You had a whole new perspective about the terminal just holding people there. When did the people actually leave the terminal?
I don't even know really. I'm sure until they knew it was safe.
Thought that it was good to go. It's just amazing. These little pieces all help put the picture together. Thank you so much.

When it happened I sent my mom a text saying, "We are safe." She just dismissed it and said, "Okay." The year prior a few of our friends got in a fight during Route 91, so she knew that and she told us not to get in a fight this year. She assumed "we are safe" meant we didn't fight, until she saw the news about an hour later.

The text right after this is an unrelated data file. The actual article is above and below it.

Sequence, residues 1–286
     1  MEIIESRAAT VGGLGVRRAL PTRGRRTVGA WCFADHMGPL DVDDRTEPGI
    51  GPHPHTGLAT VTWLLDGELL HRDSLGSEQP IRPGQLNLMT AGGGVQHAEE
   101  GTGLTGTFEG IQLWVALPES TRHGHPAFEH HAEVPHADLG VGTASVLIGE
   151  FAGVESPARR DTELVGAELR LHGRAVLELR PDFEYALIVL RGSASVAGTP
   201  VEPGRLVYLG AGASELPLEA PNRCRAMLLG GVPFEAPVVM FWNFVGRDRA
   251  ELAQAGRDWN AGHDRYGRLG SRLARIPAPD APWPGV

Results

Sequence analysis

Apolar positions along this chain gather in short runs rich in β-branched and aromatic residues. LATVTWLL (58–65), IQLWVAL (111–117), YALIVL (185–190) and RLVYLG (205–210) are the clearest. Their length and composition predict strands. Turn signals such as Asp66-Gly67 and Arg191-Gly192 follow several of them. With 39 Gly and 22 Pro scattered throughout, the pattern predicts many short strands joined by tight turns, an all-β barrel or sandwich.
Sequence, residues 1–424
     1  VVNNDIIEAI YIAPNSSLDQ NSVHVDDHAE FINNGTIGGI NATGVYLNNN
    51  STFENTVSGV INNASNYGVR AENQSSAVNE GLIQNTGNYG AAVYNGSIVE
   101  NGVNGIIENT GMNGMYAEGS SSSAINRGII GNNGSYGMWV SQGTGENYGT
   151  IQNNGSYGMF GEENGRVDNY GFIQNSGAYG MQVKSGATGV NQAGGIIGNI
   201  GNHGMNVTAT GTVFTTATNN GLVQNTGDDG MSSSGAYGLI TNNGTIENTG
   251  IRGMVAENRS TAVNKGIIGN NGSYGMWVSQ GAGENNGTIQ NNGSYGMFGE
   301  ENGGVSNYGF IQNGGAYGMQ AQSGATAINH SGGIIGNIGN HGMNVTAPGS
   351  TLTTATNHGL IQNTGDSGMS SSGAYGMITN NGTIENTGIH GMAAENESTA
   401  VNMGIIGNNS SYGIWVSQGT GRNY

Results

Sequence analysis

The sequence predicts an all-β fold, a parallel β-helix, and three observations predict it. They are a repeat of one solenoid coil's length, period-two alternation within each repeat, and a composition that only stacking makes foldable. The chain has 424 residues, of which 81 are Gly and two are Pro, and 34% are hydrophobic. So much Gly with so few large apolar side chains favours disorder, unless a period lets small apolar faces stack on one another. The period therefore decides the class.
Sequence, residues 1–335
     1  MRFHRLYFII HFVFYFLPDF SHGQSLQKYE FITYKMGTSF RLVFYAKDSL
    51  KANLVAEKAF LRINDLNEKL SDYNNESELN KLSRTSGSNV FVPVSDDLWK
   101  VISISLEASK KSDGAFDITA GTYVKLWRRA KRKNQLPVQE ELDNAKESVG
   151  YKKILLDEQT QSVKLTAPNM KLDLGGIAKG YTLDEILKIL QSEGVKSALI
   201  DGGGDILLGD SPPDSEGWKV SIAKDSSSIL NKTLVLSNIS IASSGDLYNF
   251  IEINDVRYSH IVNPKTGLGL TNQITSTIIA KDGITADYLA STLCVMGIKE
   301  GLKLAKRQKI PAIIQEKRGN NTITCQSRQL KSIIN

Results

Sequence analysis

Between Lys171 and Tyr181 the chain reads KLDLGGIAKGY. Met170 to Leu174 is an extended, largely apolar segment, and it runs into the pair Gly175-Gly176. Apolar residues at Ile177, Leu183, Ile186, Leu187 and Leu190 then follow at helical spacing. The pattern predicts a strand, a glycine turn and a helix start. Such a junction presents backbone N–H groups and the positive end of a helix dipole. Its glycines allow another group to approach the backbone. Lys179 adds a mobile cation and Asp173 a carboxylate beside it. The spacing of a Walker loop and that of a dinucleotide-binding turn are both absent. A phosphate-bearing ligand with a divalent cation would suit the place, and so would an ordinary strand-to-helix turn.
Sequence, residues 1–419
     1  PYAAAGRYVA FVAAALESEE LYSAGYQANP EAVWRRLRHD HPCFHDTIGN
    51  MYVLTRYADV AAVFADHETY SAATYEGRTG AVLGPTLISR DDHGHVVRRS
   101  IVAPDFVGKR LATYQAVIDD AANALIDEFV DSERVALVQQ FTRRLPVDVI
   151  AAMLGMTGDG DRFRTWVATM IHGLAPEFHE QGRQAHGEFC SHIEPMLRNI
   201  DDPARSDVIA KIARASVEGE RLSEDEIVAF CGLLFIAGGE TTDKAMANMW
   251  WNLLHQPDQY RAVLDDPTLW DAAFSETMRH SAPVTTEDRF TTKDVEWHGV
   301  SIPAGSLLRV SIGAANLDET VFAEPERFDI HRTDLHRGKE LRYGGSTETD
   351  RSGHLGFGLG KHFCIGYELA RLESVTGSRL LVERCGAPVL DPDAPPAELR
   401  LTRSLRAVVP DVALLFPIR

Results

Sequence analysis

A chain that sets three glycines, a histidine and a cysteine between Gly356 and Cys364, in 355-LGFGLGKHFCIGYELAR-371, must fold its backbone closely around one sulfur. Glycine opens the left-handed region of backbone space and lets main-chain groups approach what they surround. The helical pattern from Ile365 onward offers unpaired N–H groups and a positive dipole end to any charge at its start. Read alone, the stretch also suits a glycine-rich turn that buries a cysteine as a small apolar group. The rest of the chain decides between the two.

Then did she call you?

Yes, then she called and was panicked and the whole thing. But, yes, that was actually funny.

You were just showing me that one photo. Was that last year's photo?


It was 2014. I think that was probably the first year.

And your husband's text. What was his text message?

"Not a bad way to celebrate our anniversary," or something like that.

[End of recorded interview]